Social Sonar - Wednesday, September 11, 2013

    Daft Punk, Miley Cyrus and Robin Thicke may all have had a jump start on trying to stake a claim on this year’s song of the summer, but just as fall arrives at our doorstep, a dark horse (or is it fox?) is leaping into the race to trump their efforts and rewrite music history.

    The video and song in question are from a Norweigan group called Ylvis, and just like Old McDonald, these musicians have a keen interest in the sounds of various fauna. But unlike Old McDonald, whose scope of zoological sound sampling was bound to the barnyard, Ylvis goes one step forward to pose the eternal question, “What the Fox Say?”

    Okay, maybe we’re being a little bit facetious here. The song hasn’t exactly rocketed up the Billboard charts, but it has absolutely dominated blogs and social media over the past week. As of this posting, it’s managed to rack up over 15 million views on YouTube. That, ladies and gentlemen, is an indisputable viral sensation.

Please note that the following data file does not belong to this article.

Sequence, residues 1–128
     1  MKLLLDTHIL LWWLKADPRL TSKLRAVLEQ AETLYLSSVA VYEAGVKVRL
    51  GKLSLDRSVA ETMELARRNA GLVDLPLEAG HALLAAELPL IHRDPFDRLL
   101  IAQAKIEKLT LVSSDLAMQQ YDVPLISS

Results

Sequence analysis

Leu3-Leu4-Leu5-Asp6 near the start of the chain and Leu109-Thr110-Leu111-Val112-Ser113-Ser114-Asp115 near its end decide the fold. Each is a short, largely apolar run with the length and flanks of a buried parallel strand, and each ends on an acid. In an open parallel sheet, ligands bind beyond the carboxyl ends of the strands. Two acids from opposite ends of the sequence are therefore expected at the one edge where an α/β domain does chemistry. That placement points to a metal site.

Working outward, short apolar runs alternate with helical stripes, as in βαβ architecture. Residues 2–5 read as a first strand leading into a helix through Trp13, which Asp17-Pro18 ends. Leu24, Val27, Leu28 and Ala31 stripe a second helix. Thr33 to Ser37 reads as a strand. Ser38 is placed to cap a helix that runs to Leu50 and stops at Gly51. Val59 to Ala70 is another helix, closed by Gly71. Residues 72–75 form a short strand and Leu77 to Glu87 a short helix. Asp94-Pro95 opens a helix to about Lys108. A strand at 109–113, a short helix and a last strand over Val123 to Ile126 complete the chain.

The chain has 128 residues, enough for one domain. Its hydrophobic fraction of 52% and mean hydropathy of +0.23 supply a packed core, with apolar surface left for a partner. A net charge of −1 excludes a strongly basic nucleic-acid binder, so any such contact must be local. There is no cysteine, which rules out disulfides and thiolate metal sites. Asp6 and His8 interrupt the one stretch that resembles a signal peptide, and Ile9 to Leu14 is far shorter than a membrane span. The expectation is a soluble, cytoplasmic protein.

If a Norweigan band can harness the power of the internet to raise its profile in such a powerful and immediate way, can you do the same? Here’s what we can learn about viral videos from “What the Fox Say.”

    The Sincerity Factor

    Treading the line between sincerity and irony is tricky, but it pays off. One way to get viewers hooked is to play with their expectations. If you caught yourself asking, “Are they for real?” while watching the Ylvis video, join the club. That mystery is a key ingredient that leads viewers to want to discover more. Did you catch the Worst Twerk Fail Ever video? Turns out it was just a gag from notorious serial prankster Jimmy Kimmel. Of course, there is a big difference between being tongue-and-cheek and being a flat-out liar. The trick is to know your audience and what kind of humor they’re primed for. 

    Embrace the Absurd

    Designer Karl Lagerfeld once said, “Absurdity and anti—absurdity are the two poles of creative energy.” We’re not sure what the heck that means, but exploring the absurd is definitely a way to reach people immersed in internet culture. If anyone disagrees, kindly refer those detractors to any of the Harlem Shake videos The internet is a strange place, filled with weird, wild stuff. Embrace it! Just check out two of the most influential pages on the web, Reddit and Buzzfeed, and see what you stumble across. Think of it as a daily digest of the web’s most viral idiosyncrasies.

    Viral Fame is Touch and Go, but Still Important